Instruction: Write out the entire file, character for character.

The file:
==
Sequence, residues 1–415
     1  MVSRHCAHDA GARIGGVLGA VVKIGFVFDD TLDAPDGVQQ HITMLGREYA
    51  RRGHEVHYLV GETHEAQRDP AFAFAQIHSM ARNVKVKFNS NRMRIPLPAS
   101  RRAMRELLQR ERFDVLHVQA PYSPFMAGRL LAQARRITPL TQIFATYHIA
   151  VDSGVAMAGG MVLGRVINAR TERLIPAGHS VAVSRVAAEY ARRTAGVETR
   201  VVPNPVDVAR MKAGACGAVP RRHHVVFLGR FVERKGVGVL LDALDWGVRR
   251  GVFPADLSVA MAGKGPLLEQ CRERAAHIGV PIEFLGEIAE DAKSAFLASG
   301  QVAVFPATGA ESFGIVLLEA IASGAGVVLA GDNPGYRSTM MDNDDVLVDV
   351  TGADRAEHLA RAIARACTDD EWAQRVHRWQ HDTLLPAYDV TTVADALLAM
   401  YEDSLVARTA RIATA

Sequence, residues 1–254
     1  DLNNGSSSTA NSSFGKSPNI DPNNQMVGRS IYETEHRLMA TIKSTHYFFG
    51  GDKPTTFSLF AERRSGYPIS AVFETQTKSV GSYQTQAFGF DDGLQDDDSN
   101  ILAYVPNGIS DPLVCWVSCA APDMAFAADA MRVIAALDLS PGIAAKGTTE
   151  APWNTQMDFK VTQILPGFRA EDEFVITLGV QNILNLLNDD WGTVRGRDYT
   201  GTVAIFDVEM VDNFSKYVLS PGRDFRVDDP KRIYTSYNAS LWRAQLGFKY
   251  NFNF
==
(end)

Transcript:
Sequence, residues 1–415
     1  MVSRHCAHDA GARIGGVLGA VVKIGFVFDD TLDAPDGVQQ HITMLGREYA
    51  RRGHEVHYLV GETHEAQRDP AFAFAQIHSM ARNVKVKFNS NRMRIPLPAS
   101  RRAMRELLQR ERFDVLHVQA PYSPFMAGRL LAQARRITPL TQIFATYHIA
   151  VDSGVAMAGG MVLGRVINAR TERLIPAGHS VAVSRVAAEY ARRTAGVETR
   201  VVPNPVDVAR MKAGACGAVP RRHHVVFLGR FVERKGVGVL LDALDWGVRR
   251  GVFPADLSVA MAGKGPLLEQ CRERAAHIGV PIEFLGEIAE DAKSAFLASG
   301  QVAVFPATGA ESFGIVLLEA IASGAGVVLA GDNPGYRSTM MDNDDVLVDV
   351  TGADRAEHLA RAIARACTDD EWAQRVHRWQ HDTLLPAYDV TTVADALLAM
   401  YEDSLVARTA RIATA

Sequence, residues 1–254
     1  DLNNGSSSTA NSSFGKSPNI DPNNQMVGRS IYETEHRLMA TIKSTHYFFG
    51  GDKPTTFSLF AERRSGYPIS AVFETQTKSV GSYQTQAFGF DDGLQDDDSN
   101  ILAYVPNGIS DPLVCWVSCA APDMAFAADA MRVIAALDLS PGIAAKGTTE
   151  APWNTQMDFK VTQILPGFRA EDEFVITLGV QNILNLLNDD WGTVRGRDYT
   201  GTVAIFDVEM VDNFSKYVLS PGRDFRVDDP KRIYTSYNAS LWRAQLGFKY
   251  NFNF